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The White Lady
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Library Journal Review
Elinor DeWitt's happy childhood in Belgium vanished in 1914 with her father's disappearance. She was only 12 in 1916 when she was trained as a resistance fighter, sabotaging trains and having to kill several German soldiers to protect her sister. She tried to put the past behind her when she taught languages in England years later but was recruited to help the Allies in the next war. A traumatic experience and a head injury ended her wartime operations. Now, in 1947, Elinor White lives in a cottage provided for services to the country. She's 43, a silent figure to most in the small village. A little girl, Susie Mackie, breaks through Elinor's protective layer. Then, Jim Mackie's family comes calling. They're a powerful crime family in London, but Jim escaped from them. They want him back in the family fold, and they threaten Jim's wife and daughter, Susie. Elinor turns for help to several of her wartime acquaintances. That's when she discovers the treachery and lies she never knew about during her wartime years. VERDICT The award-winning author of the Maisie Dobbs series skillfully juggles three timelines in a riveting stand-alone about a woman whose wartime experiences overshadow her post-war retirement.--Lesa Holstine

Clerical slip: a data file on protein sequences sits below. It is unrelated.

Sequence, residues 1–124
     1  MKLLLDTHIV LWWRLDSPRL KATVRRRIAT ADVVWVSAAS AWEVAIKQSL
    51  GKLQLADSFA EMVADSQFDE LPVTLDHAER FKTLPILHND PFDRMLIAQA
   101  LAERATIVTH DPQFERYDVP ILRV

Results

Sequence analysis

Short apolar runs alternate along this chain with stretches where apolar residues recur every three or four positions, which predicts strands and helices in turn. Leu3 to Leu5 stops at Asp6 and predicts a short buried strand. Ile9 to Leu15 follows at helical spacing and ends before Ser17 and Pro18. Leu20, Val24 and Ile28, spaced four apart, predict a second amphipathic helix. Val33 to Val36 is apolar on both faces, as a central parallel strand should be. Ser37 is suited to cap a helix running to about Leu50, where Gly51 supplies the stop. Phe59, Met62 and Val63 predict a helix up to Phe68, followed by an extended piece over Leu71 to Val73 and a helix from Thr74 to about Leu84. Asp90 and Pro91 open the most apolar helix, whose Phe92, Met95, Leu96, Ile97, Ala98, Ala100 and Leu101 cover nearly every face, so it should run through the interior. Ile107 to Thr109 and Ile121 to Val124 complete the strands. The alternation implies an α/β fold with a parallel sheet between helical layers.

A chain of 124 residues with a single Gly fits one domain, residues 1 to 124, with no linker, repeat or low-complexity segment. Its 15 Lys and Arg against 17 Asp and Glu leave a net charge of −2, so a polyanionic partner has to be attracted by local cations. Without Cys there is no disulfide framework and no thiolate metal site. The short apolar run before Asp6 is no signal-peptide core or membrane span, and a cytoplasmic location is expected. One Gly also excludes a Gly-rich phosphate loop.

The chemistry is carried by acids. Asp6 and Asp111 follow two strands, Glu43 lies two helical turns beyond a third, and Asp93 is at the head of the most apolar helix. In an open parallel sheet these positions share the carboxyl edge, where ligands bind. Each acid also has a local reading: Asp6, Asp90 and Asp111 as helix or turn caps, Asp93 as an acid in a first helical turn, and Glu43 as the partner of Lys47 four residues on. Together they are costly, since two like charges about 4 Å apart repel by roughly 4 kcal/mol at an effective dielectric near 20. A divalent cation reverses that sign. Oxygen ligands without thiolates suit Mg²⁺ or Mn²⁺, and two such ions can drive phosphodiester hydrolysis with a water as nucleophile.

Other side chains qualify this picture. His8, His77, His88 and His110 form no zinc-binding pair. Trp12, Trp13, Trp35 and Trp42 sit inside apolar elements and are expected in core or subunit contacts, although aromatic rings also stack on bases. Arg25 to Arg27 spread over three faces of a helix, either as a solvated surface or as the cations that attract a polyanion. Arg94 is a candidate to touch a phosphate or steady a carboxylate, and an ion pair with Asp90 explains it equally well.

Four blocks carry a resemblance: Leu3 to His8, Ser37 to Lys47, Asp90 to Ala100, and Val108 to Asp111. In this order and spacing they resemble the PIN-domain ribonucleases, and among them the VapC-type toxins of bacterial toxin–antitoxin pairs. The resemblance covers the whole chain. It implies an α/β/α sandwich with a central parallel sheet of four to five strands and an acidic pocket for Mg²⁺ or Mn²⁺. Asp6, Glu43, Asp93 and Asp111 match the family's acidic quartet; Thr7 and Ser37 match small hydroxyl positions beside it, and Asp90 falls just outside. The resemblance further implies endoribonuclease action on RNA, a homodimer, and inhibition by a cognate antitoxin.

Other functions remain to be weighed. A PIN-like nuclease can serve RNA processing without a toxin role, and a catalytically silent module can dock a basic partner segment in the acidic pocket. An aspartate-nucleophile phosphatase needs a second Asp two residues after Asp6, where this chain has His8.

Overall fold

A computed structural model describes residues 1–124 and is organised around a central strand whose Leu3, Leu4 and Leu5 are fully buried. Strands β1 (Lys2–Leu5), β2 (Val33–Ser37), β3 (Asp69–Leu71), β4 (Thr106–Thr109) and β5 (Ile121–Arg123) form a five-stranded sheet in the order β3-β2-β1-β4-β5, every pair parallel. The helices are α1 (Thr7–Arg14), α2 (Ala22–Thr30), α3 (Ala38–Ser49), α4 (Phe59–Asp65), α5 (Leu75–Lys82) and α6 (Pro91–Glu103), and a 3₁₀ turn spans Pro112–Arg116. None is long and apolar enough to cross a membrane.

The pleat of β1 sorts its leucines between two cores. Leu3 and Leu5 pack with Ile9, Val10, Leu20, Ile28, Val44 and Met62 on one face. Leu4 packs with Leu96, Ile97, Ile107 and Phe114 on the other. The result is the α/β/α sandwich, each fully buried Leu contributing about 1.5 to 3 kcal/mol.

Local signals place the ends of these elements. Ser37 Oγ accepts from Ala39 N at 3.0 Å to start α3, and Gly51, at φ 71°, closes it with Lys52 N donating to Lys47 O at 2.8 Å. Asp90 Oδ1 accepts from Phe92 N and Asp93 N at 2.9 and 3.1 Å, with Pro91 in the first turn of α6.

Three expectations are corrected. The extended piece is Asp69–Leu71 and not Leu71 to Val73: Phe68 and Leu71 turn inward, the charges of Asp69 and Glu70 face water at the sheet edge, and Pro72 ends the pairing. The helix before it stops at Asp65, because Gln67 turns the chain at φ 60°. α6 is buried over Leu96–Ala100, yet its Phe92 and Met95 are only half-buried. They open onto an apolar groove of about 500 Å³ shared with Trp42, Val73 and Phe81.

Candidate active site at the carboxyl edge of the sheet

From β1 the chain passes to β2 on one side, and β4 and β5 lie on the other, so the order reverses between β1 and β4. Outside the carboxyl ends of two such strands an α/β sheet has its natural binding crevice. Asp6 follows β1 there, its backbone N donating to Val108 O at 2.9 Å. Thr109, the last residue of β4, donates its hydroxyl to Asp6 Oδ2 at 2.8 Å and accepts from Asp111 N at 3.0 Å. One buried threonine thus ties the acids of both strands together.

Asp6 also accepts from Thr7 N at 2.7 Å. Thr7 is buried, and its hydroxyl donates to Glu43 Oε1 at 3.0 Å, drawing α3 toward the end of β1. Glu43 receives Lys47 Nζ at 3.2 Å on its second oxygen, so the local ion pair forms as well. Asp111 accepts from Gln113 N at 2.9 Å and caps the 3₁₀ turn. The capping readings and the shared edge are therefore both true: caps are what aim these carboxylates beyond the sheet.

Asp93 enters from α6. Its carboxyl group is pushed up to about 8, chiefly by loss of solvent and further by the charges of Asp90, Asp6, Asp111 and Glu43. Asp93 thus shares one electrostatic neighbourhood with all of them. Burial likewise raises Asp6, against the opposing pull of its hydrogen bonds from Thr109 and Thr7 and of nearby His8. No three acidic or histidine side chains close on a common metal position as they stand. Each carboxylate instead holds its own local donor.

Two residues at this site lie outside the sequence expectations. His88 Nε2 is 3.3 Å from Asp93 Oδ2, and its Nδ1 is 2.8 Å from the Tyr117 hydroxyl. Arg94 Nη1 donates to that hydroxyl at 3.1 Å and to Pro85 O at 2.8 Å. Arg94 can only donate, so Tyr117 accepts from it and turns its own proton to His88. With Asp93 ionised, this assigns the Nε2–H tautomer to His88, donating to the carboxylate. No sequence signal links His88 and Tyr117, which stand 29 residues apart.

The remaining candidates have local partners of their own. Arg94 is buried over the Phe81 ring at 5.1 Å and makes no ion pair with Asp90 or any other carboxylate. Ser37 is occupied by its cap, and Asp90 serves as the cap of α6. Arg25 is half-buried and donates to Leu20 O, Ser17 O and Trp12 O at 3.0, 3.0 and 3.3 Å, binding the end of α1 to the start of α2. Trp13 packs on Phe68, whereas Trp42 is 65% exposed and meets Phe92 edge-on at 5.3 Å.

Publishers Weekly Review